Wednesday, April 4, 2012

Silence is golden, but the bridle is ironic

A sketch of the young Quaker, Dorothy Waugh

© 2012 Christy K Robinson

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A woman with an iron bridle
(called "branks" in Scotland)
on her head.

The 1650s were times of great upheaval in political and religious circles. England had still not recovered from the horrors of its Civil Wars of the previous decade. Tens of thousands of men had died in the battles, from sickness more than wounds; their women and children left at home were starving on the farms and many left for the larger cities—where their fates were not much different in regard to starvation and mortal illnesses. Several Christian sects, the Quakers foremost among them, were heavily persecuted with excessive fines, imprisonment, beatings, brandings, and disfiguring ear removal.

William and Mary Dyer sailed back to England in late 1651 or early 1652, on business for Rhode Island. William went back to Rhode Island; Mary stayed in England. She stayed until early 1657, and during those four years, became convicted of the principles of the Friends, who were "reproachfully" called Quakers. It’s not known if Mary Dyer and Dorothy Waugh ever met in England, but they did meet in Rhode Island and Boston in 1657 and 1658.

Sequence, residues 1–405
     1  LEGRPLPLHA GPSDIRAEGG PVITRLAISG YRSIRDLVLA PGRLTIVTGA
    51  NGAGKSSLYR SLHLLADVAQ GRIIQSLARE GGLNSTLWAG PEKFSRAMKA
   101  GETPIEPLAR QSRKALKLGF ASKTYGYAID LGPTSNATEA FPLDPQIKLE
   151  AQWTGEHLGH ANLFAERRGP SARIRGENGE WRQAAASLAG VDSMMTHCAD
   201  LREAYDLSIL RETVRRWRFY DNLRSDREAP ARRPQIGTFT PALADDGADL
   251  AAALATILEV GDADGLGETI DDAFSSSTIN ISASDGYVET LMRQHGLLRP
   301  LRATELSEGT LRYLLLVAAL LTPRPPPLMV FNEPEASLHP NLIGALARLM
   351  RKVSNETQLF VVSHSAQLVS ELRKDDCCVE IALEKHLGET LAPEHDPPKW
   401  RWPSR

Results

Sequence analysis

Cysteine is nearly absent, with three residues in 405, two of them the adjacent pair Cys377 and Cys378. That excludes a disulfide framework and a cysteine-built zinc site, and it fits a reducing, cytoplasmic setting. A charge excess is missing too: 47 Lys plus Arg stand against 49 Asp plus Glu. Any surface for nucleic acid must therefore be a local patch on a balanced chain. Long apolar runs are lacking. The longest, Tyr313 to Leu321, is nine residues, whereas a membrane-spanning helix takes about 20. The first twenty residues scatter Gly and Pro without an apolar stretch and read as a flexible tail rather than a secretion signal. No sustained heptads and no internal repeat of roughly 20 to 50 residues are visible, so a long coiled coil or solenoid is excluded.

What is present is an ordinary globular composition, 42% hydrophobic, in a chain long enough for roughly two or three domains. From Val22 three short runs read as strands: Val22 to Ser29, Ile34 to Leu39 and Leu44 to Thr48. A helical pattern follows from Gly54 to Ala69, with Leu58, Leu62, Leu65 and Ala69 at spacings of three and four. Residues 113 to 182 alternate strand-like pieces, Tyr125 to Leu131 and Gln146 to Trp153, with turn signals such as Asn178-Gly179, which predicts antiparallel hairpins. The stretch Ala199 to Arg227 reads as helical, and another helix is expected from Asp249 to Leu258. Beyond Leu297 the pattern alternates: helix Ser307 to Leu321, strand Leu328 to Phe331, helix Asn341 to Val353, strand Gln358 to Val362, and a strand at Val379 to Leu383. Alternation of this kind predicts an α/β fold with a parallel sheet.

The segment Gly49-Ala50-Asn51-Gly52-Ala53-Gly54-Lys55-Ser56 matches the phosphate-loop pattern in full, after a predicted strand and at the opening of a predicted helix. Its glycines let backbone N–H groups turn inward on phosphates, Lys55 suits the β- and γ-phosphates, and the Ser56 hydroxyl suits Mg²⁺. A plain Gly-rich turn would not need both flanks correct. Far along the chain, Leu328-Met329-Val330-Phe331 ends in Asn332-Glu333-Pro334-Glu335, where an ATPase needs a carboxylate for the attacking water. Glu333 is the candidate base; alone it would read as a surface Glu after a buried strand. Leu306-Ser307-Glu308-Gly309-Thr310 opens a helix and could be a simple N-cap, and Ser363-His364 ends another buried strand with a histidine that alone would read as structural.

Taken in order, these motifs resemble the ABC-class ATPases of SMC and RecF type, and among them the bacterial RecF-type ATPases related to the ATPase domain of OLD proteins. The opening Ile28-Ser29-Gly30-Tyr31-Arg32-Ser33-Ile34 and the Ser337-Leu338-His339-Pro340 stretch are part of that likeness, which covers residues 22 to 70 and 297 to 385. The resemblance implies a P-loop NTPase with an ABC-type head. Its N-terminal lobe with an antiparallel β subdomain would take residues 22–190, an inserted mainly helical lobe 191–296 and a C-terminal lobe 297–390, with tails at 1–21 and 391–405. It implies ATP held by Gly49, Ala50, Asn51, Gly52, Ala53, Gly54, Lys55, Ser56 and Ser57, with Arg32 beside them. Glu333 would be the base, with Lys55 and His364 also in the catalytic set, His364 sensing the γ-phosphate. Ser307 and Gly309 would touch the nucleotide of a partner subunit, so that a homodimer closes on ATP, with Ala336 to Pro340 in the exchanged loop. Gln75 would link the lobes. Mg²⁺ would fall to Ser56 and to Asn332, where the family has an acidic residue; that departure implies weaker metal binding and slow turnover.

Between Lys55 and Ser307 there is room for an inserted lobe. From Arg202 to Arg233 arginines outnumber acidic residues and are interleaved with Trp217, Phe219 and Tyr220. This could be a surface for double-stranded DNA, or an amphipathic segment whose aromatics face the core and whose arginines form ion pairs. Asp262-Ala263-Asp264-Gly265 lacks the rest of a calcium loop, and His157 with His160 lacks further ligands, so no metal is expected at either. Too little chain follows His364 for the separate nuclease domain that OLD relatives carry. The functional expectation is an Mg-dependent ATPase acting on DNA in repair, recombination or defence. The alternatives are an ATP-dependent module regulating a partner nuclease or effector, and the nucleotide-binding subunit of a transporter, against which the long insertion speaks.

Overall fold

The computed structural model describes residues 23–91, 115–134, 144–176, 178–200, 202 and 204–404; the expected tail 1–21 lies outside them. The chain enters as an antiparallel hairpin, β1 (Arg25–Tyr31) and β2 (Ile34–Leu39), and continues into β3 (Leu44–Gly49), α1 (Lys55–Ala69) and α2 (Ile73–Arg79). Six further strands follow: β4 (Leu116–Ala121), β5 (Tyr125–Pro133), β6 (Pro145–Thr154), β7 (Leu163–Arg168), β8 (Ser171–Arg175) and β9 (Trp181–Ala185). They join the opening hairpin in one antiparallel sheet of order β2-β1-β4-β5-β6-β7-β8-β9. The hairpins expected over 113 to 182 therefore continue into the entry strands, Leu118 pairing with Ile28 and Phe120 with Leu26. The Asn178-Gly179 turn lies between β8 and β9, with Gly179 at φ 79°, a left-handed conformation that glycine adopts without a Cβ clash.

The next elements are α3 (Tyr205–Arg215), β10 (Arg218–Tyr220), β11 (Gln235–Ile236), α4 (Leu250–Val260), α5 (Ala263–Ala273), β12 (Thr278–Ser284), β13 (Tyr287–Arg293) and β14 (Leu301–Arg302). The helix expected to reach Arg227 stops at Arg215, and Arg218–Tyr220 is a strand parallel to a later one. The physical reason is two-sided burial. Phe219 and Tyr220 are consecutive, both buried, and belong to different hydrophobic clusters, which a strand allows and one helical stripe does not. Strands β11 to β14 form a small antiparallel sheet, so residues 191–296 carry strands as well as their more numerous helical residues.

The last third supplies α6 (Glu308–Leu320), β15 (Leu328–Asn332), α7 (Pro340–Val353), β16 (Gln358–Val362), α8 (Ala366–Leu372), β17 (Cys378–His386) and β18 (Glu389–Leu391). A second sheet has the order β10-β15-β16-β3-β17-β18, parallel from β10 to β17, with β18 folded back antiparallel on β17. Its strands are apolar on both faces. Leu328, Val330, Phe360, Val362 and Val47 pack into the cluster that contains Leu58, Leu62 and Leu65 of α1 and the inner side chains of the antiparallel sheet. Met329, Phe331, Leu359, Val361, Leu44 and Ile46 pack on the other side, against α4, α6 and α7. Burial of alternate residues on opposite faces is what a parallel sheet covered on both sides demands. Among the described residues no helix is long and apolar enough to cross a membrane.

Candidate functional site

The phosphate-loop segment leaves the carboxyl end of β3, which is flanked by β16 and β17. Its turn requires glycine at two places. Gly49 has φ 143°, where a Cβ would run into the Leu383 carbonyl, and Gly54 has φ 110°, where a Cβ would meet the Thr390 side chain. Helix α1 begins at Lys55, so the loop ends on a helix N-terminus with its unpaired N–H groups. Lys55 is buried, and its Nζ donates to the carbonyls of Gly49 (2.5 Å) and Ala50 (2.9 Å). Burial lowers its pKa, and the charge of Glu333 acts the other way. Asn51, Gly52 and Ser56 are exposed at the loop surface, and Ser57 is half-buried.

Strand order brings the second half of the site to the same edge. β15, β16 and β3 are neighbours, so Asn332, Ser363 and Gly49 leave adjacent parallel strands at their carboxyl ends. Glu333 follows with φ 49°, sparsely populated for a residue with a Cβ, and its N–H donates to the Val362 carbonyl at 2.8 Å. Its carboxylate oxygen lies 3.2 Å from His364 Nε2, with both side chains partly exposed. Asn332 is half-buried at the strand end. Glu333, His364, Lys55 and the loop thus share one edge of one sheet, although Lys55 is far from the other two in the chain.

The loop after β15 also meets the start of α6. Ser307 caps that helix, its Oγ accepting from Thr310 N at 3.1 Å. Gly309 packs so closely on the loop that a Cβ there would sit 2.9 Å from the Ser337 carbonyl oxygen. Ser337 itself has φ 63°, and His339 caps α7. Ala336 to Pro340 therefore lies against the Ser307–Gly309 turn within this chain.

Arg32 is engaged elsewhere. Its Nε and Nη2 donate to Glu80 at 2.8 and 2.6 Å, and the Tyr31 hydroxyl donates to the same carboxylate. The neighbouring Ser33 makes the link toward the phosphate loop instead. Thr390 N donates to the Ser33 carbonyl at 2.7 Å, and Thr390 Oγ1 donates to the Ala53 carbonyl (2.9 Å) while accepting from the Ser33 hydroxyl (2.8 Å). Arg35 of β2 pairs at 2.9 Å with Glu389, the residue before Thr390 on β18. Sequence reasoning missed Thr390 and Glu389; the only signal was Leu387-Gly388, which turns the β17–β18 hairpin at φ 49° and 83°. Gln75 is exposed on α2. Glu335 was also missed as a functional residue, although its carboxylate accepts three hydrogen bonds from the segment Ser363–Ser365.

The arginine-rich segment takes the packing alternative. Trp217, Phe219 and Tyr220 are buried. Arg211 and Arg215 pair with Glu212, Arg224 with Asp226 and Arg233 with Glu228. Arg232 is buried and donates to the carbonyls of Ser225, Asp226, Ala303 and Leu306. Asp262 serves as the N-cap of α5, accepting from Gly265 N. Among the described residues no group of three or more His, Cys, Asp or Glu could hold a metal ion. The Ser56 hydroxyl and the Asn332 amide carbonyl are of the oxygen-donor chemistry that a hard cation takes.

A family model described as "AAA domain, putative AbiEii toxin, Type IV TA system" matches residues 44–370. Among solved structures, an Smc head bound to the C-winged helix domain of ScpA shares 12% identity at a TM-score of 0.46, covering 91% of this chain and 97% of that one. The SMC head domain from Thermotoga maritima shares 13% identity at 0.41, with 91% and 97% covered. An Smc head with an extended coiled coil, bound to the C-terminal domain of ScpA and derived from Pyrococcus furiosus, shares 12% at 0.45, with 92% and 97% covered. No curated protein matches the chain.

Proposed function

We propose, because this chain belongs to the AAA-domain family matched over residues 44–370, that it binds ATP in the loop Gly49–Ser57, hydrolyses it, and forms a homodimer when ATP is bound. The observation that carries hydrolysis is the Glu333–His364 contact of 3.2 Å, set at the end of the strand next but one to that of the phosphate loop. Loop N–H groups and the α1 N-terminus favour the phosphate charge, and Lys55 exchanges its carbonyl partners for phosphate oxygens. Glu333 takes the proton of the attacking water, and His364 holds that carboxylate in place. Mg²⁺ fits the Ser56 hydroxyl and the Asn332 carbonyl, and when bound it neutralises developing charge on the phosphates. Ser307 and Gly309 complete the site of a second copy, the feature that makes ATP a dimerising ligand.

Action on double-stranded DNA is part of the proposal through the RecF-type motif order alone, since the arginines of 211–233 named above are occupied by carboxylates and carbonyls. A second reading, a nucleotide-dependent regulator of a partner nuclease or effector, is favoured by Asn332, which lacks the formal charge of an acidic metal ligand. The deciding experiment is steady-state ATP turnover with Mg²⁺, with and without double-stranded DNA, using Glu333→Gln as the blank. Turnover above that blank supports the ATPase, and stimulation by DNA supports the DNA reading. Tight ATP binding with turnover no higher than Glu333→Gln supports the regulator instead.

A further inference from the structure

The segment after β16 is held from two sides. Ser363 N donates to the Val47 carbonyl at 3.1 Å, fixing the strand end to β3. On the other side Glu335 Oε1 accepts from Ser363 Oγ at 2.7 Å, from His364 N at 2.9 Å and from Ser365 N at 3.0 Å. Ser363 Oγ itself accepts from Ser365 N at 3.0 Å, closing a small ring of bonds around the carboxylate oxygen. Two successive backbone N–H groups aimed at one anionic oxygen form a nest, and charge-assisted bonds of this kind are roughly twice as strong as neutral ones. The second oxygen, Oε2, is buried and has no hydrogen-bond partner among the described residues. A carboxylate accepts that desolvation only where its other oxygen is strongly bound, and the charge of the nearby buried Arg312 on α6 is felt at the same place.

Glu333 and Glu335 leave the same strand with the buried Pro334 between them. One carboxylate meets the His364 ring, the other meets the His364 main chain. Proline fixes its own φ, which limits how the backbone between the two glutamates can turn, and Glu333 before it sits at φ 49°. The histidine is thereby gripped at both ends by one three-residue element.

The young, unmarried Dorothy Waugh had been a housemaid in Preston Patrick, a village in northwest England between Carlisle and Lancaster, and was a convert to the Quaker movement. There was a Friends group in that out-of-the-way village: George Fox, during his journeys in the northwest, encountered a group of religious dissenters in the area known as the Westmorland Seekers, and they were convicted of the gospel as Fox taught them. Fox allowed women to speak and preach. Most other schools of thought and theology were still blaming Eve for eating the forbidden fruit, and were holding her responsible for all humanity being driven from the Garden of Eden. Women were to keep silent not only in church, but in every public place.

Dorothy had little or no education, as only higher-status women were taught to read and write. But she had enthusiasm and energy, and as some Quakers described it, the "fire and the hammer," and soon she was giving her testimony and preaching the repentance of sinful ways, as she wandered England from London to Cornwall to Yorkshire. Quaker histories say that she was whipped (which would have left her horribly scarred) and jailed numerous times all over England. Did she walk everywhere, travel with a group, or work her way through the countryside for food and wagon rides?

Not much is known of Dorothy’s life outside of a few incidents in England and New England, but she’s famous for her description of what it was like to be “bridled” or “branked.” A bridle was a metal cage that was locked over a woman’s head, with a bit (possibly spiked) pressing down on her tongue so she couldn’t speak. It had been invented in medieval times to punish women who scolded their husbands or otherwise disturbed the social order, and it was meant to reduce a woman’s status to that of a tamed farm animal. The ability to speak distinguishes humans from beasts, but with this apparatus, a woman was forced to be as silent (“dumb”) as an animal.